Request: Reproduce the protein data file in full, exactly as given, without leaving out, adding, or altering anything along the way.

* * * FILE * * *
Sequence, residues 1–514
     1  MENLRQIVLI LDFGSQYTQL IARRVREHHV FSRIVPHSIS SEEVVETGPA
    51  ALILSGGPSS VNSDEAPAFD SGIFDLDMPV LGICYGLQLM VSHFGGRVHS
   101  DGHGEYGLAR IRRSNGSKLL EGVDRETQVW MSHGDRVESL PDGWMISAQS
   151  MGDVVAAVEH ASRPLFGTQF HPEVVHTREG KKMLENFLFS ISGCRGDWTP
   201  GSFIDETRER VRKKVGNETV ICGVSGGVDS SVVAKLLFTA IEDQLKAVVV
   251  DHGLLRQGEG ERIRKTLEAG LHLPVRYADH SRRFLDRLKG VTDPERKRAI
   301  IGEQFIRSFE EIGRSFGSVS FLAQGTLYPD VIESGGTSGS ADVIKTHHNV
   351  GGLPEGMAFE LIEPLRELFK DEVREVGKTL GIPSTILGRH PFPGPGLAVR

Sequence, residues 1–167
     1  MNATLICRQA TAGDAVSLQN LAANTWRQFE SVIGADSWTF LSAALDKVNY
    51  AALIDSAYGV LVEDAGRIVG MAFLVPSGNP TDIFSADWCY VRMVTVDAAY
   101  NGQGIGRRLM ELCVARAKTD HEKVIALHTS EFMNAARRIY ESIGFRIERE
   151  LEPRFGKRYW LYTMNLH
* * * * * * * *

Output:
Sequence, residues 1–514
     1  MENLRQIVLI LDFGSQYTQL IARRVREHHV FSRIVPHSIS SEEVVETGPA
    51  ALILSGGPSS VNSDEAPAFD SGIFDLDMPV LGICYGLQLM VSHFGGRVHS
   101  DGHGEYGLAR IRRSNGSKLL EGVDRETQVW MSHGDRVESL PDGWMISAQS
   151  MGDVVAAVEH ASRPLFGTQF HPEVVHTREG KKMLENFLFS ISGCRGDWTP
   201  GSFIDETRER VRKKVGNETV ICGVSGGVDS SVVAKLLFTA IEDQLKAVVV
   251  DHGLLRQGEG ERIRKTLEAG LHLPVRYADH SRRFLDRLKG VTDPERKRAI
   301  IGEQFIRSFE EIGRSFGSVS FLAQGTLYPD VIESGGTSGS ADVIKTHHNV
   351  GGLPEGMAFE LIEPLRELFK DEVREVGKTL GIPSTILGRH PFPGPGLAVR

Sequence, residues 1–167
     1  MNATLICRQA TAGDAVSLQN LAANTWRQFE SVIGADSWTF LSAALDKVNY
    51  AALIDSAYGV LVEDAGRIVG MAFLVPSGNP TDIFSADWCY VRMVTVDAAY
   101  NGQGIGRRLM ELCVARAKTD HEKVIALHTS EFMNAARRIY ESIGFRIERE
   151  LEPRFGKRYW LYTMNLH